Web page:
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Scripto | Transcribe Page
Minutes of the Fifth Annual Convention for the Improvement of the Free People of Colour in the United States; Held by Adjournments, in the Wesley Church, Philadelphia; from the first to the fifth of June, inclusive; 1835.
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human legislation.—Therefore we cheerfully enter on this moral warfare in defence of liberty, justice, and humanity, conscious that whether we live to witness its completion, or die in anticipation of its glorious results, that it has already been committed to the friends of liberty and christianity throughout the world, and to them we look for its final consummation.—We therefore mutually pledge ourselves to these principles, the cause and the world, to do all that in our power lies, to hasten the period when justice and universal liberty shall sway the sceptre of nations.
To the American people.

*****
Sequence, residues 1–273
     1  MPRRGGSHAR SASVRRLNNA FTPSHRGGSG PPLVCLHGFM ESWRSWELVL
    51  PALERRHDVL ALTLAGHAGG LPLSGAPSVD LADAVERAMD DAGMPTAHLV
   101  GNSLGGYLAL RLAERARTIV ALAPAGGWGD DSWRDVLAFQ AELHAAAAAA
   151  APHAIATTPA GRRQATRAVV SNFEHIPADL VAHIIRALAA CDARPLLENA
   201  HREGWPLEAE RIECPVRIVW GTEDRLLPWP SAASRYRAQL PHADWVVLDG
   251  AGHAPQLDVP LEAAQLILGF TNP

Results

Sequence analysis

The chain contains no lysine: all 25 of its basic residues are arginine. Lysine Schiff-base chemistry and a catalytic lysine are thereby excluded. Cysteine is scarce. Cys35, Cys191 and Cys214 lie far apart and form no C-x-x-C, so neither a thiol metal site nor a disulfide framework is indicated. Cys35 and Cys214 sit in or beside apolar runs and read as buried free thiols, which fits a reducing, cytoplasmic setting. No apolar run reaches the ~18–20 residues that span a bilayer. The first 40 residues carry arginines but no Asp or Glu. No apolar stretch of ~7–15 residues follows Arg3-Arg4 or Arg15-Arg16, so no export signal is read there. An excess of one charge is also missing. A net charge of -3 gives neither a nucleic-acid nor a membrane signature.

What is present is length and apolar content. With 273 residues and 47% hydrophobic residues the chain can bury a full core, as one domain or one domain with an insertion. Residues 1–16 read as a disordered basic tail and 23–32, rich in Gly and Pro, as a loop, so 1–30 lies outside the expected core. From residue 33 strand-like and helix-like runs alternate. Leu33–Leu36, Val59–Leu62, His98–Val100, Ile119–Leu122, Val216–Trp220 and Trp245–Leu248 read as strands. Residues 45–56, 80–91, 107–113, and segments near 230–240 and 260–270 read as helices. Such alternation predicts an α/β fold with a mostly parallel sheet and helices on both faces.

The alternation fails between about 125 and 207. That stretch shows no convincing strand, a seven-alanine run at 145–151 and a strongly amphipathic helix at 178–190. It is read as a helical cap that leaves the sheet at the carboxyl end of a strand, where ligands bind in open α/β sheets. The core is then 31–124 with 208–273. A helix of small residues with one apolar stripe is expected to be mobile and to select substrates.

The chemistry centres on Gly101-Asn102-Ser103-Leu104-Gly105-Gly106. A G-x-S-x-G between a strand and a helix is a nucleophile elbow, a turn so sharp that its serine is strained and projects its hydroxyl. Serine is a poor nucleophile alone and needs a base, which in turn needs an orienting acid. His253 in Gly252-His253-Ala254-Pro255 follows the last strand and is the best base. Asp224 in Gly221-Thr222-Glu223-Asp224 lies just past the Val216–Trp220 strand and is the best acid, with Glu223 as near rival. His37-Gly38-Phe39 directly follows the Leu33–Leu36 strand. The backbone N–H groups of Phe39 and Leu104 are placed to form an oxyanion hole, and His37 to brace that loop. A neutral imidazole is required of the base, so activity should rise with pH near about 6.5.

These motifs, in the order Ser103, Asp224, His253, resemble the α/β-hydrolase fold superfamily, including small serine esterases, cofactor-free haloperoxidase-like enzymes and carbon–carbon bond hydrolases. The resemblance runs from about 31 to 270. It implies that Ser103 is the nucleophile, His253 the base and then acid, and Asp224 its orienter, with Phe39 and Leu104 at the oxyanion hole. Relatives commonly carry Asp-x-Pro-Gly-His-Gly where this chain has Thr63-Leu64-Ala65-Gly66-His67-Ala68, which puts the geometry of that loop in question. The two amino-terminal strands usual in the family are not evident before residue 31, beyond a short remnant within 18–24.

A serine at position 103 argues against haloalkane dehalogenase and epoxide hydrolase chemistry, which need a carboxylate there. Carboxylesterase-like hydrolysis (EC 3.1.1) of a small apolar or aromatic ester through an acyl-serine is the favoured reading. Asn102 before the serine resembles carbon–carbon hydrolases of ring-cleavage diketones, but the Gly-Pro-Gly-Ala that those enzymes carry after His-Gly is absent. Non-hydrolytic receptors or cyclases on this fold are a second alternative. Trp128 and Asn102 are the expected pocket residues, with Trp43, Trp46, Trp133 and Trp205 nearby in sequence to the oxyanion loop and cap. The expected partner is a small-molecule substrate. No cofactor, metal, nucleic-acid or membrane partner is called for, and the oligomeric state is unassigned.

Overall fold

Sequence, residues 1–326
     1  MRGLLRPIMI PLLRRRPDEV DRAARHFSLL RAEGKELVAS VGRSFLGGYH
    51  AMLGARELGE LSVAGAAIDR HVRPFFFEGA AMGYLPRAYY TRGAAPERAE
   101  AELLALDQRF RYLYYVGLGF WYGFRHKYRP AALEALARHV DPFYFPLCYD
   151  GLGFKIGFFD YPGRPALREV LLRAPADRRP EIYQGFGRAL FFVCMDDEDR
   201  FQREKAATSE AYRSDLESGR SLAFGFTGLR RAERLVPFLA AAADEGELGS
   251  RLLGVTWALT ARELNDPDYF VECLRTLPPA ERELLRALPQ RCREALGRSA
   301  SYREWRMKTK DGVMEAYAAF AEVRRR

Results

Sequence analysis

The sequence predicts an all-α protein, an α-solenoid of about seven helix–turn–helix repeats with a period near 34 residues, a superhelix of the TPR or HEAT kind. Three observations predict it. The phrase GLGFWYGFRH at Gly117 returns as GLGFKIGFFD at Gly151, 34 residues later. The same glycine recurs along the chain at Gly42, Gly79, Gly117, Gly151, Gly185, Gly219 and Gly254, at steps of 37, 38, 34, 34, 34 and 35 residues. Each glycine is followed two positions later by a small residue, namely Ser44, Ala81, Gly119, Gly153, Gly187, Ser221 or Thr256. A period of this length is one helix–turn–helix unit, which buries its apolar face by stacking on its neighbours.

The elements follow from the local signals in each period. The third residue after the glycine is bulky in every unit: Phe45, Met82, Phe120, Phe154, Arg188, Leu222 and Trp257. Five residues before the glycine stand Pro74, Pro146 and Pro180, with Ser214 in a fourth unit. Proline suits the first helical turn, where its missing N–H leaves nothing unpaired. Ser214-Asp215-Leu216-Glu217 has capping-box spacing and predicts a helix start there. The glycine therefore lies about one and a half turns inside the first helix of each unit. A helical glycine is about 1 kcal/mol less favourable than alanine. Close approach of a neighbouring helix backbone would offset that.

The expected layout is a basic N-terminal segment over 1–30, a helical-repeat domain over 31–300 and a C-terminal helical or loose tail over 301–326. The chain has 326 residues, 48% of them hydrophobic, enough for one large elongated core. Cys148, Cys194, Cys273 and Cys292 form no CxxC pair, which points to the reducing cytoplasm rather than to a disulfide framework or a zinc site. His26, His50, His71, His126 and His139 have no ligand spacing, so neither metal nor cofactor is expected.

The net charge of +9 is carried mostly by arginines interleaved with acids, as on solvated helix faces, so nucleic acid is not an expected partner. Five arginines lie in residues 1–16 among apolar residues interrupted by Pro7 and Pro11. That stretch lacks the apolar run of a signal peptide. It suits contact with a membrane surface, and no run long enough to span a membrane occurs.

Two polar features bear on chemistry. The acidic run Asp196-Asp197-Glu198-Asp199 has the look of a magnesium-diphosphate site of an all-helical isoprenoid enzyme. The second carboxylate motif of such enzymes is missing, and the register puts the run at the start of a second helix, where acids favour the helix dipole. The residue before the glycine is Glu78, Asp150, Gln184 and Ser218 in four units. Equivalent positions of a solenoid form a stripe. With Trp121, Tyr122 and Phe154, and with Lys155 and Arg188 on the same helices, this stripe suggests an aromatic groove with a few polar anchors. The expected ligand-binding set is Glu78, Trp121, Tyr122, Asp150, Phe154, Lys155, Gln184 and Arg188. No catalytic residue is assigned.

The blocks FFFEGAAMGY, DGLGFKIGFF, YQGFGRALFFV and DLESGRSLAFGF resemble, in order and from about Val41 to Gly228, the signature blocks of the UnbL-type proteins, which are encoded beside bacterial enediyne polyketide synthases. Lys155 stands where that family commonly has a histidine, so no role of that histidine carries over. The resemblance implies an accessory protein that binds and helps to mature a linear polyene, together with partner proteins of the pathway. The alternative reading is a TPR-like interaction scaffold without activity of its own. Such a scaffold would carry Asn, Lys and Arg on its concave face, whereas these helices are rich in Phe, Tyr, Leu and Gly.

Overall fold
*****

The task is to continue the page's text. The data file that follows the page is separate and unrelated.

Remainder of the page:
Fellow Citizens—We form a portion of the people of this continent, on whom an unmeasurable amount of obloquy, and scorn, and contempt have been poured, on account of the depravity of our morals ; and who have been educated under the influence of a system, that impairs the mental vigour, blights with its blasting influence the only successful hope on which the mind can be reared, that keeps from our grasp the fruits of knowledge, the favour or just and equitable laws, and presents a formidable barrier to the prosecution of arts and sciences of civilized life. The lucrative avocations, mechanic arts, and civil associations by which men acquire a knowledge of government, and the nature of human affairs, have been almost wholly reserved as a dignified reward, suited only to the interest and use of the fairer complexion. Yet, in despite of all these, when all the avenues of privileged life have been closed against us, our hands bound with stationary fetters, our minds left to grope in the prison cell of impenetrable gloom, and our whole action regulated by constitutional law and a perverse public sentiment, we have been tauntingly required to prove the dignity of our human nature, by disrobing ourselves of inferiority, and exhibiting to the world our profound Scholars, distinguished Philosophers, learned Jurists, and distinguished Statesmen. The very expectation on which such a requisition is founded, to say the least, is unreasonable, for it is only when the seed is sown that we can justly hope to reap. If amidst all the difficulties with which we have been surrounded,
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